We do not take an aggressive approach to the interpretation of tax legislation for tax planning purposes, nor do we use artificial schemes or tax havens to reduce the tax liabilities of the Group. We aim to pay our taxes on time in the jurisdictions in which our activities are undertaken in accordance with the domestic tax law or applicable production sharing agreement. When we enter new territories, our primary objective is to achieve clarity and certainty regarding the application of taxation rules through engagement with the authorities, so that we can ensure our compliance. We engage with governments on the development of tax laws either directly or through trade associations and similar bodies within the guidelines of our Code of Ethical Conduct. We conduct transactions between Tullow Group companies on an arm’s length basis in accordance with the Organisation for Economic Co-operation and Development Guidelines. The pricing of such transactions is based on fair market terms, reflects the commercial nature of the services provided, and is subject to review and audit by tax authorities in the jurisdictions in which we operate. Tullow’s tax strategy is approved by the Board of Directors and reviewed annually by the Audit Committee.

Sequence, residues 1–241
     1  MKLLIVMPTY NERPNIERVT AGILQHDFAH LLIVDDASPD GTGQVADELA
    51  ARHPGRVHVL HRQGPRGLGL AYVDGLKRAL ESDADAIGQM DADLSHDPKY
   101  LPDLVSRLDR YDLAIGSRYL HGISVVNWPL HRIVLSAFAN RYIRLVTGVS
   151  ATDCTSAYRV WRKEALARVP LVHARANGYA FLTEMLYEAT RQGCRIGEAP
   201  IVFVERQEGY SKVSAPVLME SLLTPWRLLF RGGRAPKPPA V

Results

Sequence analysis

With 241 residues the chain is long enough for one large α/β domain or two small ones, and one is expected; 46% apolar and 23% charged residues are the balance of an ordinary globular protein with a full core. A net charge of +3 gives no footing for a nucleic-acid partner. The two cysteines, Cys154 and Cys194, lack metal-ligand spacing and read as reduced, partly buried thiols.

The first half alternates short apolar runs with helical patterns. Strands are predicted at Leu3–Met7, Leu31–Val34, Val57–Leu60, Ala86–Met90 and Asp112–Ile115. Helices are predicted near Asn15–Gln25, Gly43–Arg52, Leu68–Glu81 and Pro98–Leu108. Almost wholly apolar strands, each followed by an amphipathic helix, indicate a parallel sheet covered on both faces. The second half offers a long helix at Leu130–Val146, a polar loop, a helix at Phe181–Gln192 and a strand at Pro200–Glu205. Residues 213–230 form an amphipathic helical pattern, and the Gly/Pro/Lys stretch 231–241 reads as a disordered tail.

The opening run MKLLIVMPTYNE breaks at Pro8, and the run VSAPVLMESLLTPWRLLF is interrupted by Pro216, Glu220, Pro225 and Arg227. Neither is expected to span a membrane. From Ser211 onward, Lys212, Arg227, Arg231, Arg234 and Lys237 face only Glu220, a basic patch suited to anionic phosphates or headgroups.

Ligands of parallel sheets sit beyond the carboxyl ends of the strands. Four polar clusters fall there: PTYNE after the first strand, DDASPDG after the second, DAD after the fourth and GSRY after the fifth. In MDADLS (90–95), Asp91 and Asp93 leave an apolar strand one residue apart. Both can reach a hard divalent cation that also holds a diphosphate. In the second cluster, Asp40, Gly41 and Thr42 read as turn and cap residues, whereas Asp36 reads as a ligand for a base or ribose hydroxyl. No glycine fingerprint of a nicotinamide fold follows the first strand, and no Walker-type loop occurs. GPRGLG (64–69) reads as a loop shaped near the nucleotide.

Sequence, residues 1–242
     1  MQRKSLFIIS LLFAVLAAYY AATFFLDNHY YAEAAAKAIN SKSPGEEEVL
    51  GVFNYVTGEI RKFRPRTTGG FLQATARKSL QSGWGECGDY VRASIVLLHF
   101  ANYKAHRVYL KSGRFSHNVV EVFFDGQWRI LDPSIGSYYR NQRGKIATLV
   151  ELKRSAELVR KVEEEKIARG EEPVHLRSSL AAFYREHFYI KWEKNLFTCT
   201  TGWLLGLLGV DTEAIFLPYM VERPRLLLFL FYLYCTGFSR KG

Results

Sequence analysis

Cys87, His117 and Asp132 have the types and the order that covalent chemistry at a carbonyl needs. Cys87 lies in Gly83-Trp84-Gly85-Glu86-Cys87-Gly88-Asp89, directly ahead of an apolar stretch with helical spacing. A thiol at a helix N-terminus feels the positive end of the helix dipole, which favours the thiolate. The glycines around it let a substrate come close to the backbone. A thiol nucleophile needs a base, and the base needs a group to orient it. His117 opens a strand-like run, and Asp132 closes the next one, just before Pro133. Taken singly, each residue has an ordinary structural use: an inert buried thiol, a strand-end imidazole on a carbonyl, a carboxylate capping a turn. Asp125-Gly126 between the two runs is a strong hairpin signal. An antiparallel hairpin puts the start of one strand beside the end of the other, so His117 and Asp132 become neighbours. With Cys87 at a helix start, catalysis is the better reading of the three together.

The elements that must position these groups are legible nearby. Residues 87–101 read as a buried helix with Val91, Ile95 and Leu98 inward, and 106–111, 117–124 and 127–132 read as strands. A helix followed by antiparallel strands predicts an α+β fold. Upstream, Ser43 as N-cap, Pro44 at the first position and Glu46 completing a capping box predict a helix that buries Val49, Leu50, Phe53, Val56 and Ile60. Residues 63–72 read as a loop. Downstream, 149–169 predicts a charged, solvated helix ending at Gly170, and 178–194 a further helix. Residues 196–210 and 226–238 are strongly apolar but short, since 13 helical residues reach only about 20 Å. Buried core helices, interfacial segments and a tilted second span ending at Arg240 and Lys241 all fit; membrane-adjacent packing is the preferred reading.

Tullow believes that public disclosure about our business and actions serves a broader agenda of openness to dialogue and builds accountability, credibility and trust. Transparency regarding payments to governments is an important way to promote honesty in our industry, mitigate corruption and support inclusive development. Tullow has been a corporate supporter of the Extractive Industries Transparency Initiative (EITI) since 2011, and we remain committed to promoting transparent disclosure of payments to government. Our annual Payments to Governments Report provides details of all mandatory and voluntary tax payments.
Our payments to governments, including payments in kind, amounted to $234 million in 2021 (2020: $375 million). Total payments to all major stakeholder groups including suppliers and communities, as well as governments, brought our total socioeconomic contribution to $445 million (2020: $542 million). In addition to payments to governments, this included $207 million spent with local suppliers, and $4 million in discretionary spend on social projects. Our total payments made to the Ghanaian Government in 2021 amounted to $172 million (2020: $180 million).